GREAT notice was taken of all comets in the colonial days. Several have already been mentioned, but the Newtonian comet of 1680, as it was called, should not be passed unnoticed. It was first seen at Boston at five o'clock on the morning of November 14, 1680, appearing in the southeastern sky near fourteen degrees in Libra and one degree and three minutes southward of the ecliptic. The sky being clear, the comet at first appeared plainly, but in a few moments became faint, and vanished away as day began to break. The tail appeared to be about thirty degrees in length. Some writers have said that it reached from the zenith nearly to the horizon.

It appeared earlier and earlier in the morning until about December 8, when it began to be seen in the evening. It continued to be visible till February 10, when it failed to come within the view of the naked eye, though it could be discerned for some time longer with the aid of a telescope. Astronomers fix the time of its next visit to our planet in the year 2225, five hundred and forty-five years being necessary to the completion of its circuit, which is a fact too stupendous for us to realize when we think of the great speed of these bodies.

The magnitude and brightness of this comet caused consternation in Europe and America, and, in fact, in those times people all over the globe were alarmed at the uncommon things that appeared in the heavens.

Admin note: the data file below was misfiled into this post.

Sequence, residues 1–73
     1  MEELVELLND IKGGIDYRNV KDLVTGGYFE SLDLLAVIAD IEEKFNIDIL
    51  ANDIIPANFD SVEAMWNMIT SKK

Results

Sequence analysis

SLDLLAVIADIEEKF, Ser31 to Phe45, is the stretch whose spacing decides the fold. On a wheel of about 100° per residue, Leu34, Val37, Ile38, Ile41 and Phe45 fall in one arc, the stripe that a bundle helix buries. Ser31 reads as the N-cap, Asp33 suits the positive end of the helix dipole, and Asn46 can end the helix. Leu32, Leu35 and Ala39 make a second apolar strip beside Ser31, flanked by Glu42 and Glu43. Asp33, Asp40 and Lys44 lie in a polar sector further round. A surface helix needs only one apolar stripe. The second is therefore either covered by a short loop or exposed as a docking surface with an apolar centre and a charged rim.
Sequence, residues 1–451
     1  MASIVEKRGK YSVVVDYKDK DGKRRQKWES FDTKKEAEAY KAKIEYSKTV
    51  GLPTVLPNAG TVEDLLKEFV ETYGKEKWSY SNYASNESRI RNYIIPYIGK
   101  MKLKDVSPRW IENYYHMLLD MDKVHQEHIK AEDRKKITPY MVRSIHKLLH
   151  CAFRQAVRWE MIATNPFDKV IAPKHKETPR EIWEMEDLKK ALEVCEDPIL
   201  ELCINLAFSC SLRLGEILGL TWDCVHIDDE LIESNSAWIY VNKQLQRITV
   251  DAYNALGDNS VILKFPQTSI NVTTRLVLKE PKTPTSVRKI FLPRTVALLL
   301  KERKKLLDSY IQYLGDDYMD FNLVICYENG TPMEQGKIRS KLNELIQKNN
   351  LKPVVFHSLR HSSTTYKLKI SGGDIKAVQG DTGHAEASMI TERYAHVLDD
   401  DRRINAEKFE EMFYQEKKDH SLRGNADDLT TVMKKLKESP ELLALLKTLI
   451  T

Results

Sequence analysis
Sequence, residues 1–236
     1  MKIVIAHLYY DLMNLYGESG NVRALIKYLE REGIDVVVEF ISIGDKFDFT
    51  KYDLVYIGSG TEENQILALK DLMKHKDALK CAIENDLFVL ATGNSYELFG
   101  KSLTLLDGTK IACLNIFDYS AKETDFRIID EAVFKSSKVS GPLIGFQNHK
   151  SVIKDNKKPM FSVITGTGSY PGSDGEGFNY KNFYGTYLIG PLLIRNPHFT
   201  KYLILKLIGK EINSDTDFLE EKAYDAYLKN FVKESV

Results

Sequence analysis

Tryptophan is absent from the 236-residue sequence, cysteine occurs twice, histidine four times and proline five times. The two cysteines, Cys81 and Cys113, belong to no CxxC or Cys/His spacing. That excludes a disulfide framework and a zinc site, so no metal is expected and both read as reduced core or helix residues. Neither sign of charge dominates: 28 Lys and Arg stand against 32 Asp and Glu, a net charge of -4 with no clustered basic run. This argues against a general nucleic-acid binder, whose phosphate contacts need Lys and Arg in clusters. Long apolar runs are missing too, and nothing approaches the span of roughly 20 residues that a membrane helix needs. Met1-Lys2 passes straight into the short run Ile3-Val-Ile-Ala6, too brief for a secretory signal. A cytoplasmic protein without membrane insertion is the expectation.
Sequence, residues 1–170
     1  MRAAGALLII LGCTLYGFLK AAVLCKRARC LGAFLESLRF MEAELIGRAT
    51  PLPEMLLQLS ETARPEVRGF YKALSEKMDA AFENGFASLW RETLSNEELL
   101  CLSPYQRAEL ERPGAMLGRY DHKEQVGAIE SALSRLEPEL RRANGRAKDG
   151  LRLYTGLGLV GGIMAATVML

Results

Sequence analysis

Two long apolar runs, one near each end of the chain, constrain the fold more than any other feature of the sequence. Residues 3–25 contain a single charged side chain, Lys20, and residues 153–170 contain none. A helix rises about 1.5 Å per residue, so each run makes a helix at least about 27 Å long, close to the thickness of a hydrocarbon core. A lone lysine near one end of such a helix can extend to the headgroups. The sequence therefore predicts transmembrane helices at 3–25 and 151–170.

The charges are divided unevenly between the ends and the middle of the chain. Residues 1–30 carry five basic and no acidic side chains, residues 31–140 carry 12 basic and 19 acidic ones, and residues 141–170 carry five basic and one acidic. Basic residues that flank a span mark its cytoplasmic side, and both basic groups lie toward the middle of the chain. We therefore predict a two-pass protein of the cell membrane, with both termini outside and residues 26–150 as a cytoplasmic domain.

Increase Mather gave a lecture on the comet, saying, in his introduction, that "As for this blazing star, which hath occasioned this discourse, it was a terrible sight indeed, especially about the middle of December last, the stream of such a stupendous magnitude, as that few men now living ever beheld the like."

Not only were the common people of New England terrified at the appearance of their heavenly visitor, but the alarm reached all classes. The governor and council of the Massachusetts Bay colony appointed a general fast, one reason assigned for it in the proclamation being "that awful, portentous, blazing star, usually foreboding some calamity to the beholders thereof." The greatest strictness was observed by the people in keeping the fast. Probably the terror arose chiefly from ignorance and superstition, but it was as real to them as if it had been demonstrated to be true by the best astronomers. The clergy throughout New England sought to make the most of this fear, some have said with hypocritical intentions, for the purpose of making converts to their religious views. We suppose that most of them did really believe with the laity that .the alarm was well founded, and that the time was at hand when they might be suddenly called to meet their Creator. Therefore, feeling the responsibility of their position, they besought their congregations to turn unto God while yet there was time. The result was that many were brought into the fold, and the ordinances of the church were more carefully observed.

Source: Historic Storms of New England by Sidney Perley, 1891

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